Dear Baby D,
When Stephanie and I decided to re-enter foster care, we didn’t know that we would be leaving Colorado at the end of the year, or that a global pandemic was about to start. Though we questioned our decision, our support worker said there’s always a need and they’d take any time we offered. And so, prayerfully, we plunged right in.
We braced for this day from the moment you entered our home 7 months ago. We knew it would take a miracle for us to adopt you. As well as anyone, we know that the system doesn’t work that way.
And so, truth be told, I held back emotionally. Unlike with Gavin, I never referred to myself as ‘dada.’ Though I continually prepared myself for today, I wasn’t successful. I grew to love you, and I’m sad we’ll be moving to California without you.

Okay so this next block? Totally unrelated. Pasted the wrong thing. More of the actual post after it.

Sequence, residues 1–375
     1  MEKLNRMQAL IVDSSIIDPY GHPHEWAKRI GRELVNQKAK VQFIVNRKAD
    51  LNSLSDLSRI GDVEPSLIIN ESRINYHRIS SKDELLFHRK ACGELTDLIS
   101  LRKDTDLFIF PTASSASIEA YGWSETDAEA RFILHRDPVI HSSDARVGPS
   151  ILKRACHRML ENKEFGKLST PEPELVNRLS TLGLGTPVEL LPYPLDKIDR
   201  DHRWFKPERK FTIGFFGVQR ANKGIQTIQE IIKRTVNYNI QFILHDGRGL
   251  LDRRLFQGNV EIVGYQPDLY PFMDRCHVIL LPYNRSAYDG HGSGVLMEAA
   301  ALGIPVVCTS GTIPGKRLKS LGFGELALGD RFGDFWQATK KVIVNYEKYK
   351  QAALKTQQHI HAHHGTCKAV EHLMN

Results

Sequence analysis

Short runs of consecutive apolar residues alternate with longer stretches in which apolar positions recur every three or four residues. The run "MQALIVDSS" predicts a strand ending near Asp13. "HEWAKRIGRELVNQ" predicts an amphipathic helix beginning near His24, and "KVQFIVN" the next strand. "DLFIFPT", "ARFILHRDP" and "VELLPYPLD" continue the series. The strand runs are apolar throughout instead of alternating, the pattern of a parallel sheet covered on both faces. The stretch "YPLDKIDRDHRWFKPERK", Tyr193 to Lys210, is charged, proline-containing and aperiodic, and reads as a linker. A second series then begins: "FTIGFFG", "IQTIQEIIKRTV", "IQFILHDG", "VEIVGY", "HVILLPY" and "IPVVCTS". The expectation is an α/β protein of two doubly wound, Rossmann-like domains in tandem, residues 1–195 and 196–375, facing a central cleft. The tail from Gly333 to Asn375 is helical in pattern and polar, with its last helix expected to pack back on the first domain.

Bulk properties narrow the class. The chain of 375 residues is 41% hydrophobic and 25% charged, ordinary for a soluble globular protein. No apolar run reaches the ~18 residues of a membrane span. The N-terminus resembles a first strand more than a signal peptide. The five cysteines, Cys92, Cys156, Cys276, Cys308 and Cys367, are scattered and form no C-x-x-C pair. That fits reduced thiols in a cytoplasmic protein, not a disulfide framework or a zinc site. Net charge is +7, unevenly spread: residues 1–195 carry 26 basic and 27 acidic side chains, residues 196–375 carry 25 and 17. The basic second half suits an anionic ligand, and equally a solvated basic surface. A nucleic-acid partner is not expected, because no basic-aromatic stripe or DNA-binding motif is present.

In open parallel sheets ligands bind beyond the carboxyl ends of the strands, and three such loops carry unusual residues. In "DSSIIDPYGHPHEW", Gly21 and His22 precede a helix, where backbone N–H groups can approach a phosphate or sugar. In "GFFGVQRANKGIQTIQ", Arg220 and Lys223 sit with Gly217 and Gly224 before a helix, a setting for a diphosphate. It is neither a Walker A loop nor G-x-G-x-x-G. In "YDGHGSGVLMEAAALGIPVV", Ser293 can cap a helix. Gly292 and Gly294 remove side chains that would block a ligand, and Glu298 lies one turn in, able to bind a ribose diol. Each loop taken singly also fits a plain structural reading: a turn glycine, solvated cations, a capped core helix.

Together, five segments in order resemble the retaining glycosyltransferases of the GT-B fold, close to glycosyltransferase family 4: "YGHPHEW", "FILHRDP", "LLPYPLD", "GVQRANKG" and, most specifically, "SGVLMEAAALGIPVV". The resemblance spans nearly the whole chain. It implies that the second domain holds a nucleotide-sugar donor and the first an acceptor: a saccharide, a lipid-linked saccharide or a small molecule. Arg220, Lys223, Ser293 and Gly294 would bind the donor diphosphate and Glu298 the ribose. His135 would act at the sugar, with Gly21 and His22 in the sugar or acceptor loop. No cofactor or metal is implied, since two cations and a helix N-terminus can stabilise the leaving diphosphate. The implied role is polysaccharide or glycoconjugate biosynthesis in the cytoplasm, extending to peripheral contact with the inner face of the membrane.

But the loss Stephanie and I feel is dwarfed by what we feel on behalf of your Gavin and M. They adore you to the depths of their little hearts, and will forever consider you their baby brother. We dread the coming weeks because we know we’ll have to repeatedly explain why you aren’t with us. D: Gavin and M will always be your bhaiyya and didi.*
We’re blessed, however, that you’re moving to a loving foster family who will allow you to keep in contact with them. And so I know we will all meet again soon.
If the past is any guide, I know what will happen that day. M will squeal your name at the top of her voice, tackle you with ferocious love and start planting kisses on you. In the process she will surely dislocate one of your hips and restrict blood-flow to at least three of your vital organs.
Stephanie and I will look in horror, yell at her to get off you, and run to save you from impending doom. Gavin will amble up, look at you with pure love and joy, and simply say: “Hi Baby D.”
Until we meet again my friend. Until we meet again.
Praj, Stephanie, Bhaiyaa and Didi
* We referred to our children as bhaiyya and didi, the Hindi words for older brother and sister.